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Machu Picchu and Huayna Picchu: The Difference Between the Mountains

  |   Machu Picchu

Traveling to Machu Picchu is often synonymous with trekking. However, the options for trekking are far wider and varied than just the Inca Trail to the ancient Inca citadel- there are plenty of trails on the site itself that visitors can experience in just a couple of hours. For those don’t have the time or desire to trek for days (or those who are but want even more), make sure to check out Huayna Picchu or any of the multiple other hikes on the Machu Picchu site. Below you’ll find a description of the different treks, the difference between trekking on Machu Picchu versus Huayna Picchu, and every other bit of information you need to choose the adventure that’s right for you!


Machu Picchu


Machu Picchu vs. Huayna Picchu

All visitors will enter the main ruins of Machu Picchu, and from here will have options to access the various treks on top of the mountain. Huayna Picchu, though accessed from within Machu Picchu, requires a separate ticket that must be purchased in advance. It can not be accessed without this ticket, and only 400 passes are available per day.


All other treks on top of Machu Picchu are included in the main Machu Picchu entrance ticket, and only one needs to be reserved in advance (Machu Picchu Mountain). These treks range widely in difficulty and length, with a little something for everyone. 



Machu Picchu


Huayna Picchu

The famous peak in the back of every iconic Machu Picchu photo, summiting Huayna Picchu is always a top item on most Machu Picchu visitor’s lists. Along this trek you’ll see breathtaking views down onto the main Machu Picchu ruins, several additional ruins (including a temple only accessible by this trek), and get a special perspective onto the site that few see.


The Huayna Picchu trek is steep and has several slippery sections, and while short (it usually requires about an hour each way), it’s definitely challenging. Due to the steep slopes and dropping views, it’s not recommended for anyone with vertigo or a fear of heights. 


Huayna Picchu passes can be bought through a travel agent or the official website when you buy your entrance tickets to the main Machu Picchu ruins. Only 400 passes are available per day, and they can sell out anywhere from one to three months in advance. 


The Huayna Picchu trek is usually only open in the morning, so you’ll have to get up early but will then have the rest of the day to explore the main ruins. 


machu picchu


Machu Picchu

On Machu Picchu’s main site, there are several main treks included in the entrance ticket. If you plan to do these, keep in mind that (like the main site), they do not have any facilities on them. Make sure to bring snacks, water in a reusable bottle, and visit the restrooms outside the main entrance before your trek.


Outside the main entrance there is a restaurant, café and restrooms, and you are allowed to exit and re-enter at any time to visit them (but we suggest planning strategically to avoid getting stuck in the entrance line again!).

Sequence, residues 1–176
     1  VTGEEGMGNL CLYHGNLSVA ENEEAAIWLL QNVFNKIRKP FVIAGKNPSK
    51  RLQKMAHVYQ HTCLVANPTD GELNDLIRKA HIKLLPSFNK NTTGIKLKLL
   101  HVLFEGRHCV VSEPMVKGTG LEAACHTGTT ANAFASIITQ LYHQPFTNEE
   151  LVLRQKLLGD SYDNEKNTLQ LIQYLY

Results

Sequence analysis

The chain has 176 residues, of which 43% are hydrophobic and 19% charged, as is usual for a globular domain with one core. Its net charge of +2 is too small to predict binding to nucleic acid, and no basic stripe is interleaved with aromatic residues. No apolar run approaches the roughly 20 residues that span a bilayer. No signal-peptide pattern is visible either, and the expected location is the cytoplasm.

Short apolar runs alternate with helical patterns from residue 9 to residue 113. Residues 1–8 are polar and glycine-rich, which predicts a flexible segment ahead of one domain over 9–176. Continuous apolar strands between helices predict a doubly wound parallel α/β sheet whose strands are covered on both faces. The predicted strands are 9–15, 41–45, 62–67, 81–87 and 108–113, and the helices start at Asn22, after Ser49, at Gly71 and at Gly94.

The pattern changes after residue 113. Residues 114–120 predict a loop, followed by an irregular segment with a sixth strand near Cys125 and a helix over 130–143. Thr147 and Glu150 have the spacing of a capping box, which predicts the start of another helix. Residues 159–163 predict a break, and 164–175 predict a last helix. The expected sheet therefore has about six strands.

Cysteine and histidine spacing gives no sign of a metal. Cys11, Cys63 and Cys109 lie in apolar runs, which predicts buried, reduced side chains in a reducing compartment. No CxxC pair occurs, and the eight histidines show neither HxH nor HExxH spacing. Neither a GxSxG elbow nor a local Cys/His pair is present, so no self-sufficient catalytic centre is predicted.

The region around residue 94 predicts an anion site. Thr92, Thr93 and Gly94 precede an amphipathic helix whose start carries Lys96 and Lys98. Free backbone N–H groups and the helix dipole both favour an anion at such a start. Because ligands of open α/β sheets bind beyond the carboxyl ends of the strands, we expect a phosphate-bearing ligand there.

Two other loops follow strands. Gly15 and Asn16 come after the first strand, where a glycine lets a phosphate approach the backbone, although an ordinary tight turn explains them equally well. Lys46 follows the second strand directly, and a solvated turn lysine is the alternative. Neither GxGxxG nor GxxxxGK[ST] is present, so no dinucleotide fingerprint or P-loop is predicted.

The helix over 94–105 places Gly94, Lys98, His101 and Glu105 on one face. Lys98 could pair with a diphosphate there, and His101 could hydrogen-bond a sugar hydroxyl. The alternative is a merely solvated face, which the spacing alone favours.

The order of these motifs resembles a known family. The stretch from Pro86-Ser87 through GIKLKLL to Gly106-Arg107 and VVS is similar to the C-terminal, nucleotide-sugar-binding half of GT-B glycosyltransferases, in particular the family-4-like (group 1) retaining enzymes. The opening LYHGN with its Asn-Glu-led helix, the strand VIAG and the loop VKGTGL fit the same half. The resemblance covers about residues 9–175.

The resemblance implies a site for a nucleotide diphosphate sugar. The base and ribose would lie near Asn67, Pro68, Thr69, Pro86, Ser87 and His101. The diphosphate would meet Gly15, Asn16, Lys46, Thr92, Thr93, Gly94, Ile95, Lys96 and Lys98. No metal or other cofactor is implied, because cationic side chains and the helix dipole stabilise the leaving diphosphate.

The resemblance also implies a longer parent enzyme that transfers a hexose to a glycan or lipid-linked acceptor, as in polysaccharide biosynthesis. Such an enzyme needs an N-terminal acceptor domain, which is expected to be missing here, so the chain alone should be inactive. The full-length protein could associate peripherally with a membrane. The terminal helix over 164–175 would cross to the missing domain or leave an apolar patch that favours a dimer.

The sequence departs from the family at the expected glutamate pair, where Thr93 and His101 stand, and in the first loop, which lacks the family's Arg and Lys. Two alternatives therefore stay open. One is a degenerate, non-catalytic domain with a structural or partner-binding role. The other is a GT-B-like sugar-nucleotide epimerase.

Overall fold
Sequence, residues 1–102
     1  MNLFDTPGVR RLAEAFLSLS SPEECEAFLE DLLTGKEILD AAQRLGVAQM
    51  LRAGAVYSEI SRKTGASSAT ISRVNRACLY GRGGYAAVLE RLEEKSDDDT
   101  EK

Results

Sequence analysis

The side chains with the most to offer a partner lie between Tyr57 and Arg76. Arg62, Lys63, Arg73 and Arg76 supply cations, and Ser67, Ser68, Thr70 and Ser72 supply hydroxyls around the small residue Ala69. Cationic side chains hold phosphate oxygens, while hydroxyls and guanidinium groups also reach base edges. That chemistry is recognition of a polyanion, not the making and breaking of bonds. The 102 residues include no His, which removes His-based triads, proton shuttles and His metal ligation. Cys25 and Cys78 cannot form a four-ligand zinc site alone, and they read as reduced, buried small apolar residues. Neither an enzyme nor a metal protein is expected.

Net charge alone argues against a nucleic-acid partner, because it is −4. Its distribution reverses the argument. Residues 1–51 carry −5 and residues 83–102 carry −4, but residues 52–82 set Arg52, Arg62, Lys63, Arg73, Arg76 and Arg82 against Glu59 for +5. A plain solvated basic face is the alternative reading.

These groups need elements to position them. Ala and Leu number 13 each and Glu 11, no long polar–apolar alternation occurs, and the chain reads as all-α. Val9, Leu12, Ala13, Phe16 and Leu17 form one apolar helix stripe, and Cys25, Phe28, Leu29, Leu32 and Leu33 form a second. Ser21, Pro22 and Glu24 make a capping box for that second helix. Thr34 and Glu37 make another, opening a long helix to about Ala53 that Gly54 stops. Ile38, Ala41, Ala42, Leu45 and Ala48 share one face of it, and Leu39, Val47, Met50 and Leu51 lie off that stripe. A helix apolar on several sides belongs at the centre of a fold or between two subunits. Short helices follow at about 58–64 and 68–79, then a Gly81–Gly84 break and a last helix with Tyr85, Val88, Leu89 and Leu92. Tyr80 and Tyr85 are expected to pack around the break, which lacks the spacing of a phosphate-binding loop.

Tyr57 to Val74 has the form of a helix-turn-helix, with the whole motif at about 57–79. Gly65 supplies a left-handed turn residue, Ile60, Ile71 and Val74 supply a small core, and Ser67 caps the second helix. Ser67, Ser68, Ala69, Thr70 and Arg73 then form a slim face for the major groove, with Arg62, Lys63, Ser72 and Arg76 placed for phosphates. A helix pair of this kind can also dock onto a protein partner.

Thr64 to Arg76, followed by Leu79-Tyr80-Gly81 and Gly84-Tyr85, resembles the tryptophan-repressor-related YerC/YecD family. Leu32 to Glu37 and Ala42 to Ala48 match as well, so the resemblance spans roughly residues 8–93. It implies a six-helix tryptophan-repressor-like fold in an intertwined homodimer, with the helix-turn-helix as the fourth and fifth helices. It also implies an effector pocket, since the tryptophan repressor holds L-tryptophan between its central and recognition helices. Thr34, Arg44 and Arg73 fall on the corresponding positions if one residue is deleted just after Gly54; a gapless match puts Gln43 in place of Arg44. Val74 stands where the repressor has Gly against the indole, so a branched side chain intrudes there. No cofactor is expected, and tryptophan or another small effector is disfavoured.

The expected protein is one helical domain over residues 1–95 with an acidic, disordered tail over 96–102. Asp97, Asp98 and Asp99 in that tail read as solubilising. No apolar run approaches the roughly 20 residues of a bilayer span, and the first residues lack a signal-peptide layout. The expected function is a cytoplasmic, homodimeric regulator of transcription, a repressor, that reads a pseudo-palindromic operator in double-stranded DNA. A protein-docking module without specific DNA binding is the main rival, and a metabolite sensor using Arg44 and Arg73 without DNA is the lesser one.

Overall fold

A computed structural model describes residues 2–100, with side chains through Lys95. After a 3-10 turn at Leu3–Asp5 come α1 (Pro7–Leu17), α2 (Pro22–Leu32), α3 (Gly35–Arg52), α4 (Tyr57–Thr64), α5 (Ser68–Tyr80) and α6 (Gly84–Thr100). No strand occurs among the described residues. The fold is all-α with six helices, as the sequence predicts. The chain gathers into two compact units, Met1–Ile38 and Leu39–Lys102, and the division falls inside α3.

Machu Picchu Mountain

This trek is a great alternative to Huayna Picchu, ideal for those who don’t want the hassle of fighting for a ticket, or who were unable to get one. Technically, spaces for Machu Picchu Mountain are also limited to 400 per day, but it never sells out (not yet at least!). You simply need to reserve a space when you buy your entrance tickets, however this is possible up until the day before.


This trek is great because it will also take you high up like Huayna Picchu, offering great views down on the main ruins. This trek has an easier incline (also making it accessible for those who fear the heights of Huayna Picchu), but the path is much longer making it equally as challenging in it’s own way.


The trek to Machu Picchu Mountain takes anywhere from three to five hours round trip, depending on how speedily you do the entirely uphill hike. 



The Sun Gate (Inti Punku)

For those who haven’t done the Inca Trail, this is a great glimpse of the experience. The Sun Gate is the very end of the Inca Trail, through which the Incas would enter Machu Picchu. Hike up to it and see the same view they did when arriving at the site.


This trek is one of the best on Machu Picchu’s main site because it’s entirely no fuss. It is included with your main entrance ticket, there is no limit to how many people can do it, and you don’t need to reserve anything in advance. 


The Sun Gate is a great alternative to Machu Picchu Mountain because it is still an adventure but accessible to a wider range of fitness levels. The uphill walk takes about three to four hours to complete round trip, and you’ll see all type of travelers making the journey. 


Machu Picchu

Inca Bridge

Last but not least, the Inca Bridge. Unlike the other treks on top of Machu Picchu, this short walk with ancient ruins is a breeze. Great for families or those who want something to do without too much of a physical challenge, this short journey gives you views of the valley behind Machu Picchu Mountain and a glimpse of what remains of an ancient Inca Bridge used to access Machu Picchu.

Other Treks on Machu Picchu

When you arrive at Machu Picchu, you’ll be given a map with information on all of the main site treks listed above and a few other walks or points of interest. As none of these need to be reserved in advance (and sometimes vary seasonally), it’s best to arrive in the morning and allow a little wiggle room in your day should you choose to explore any.

Whether you trek any of the routes on Machu Picchu itself or book a trek up to Huayna Picchu, impressive sites and additional ruins can be found in every corner of Machu Picchu- all are sure to impress any traveler. Contact Us if you need help booking your Machu Picchu tour. 

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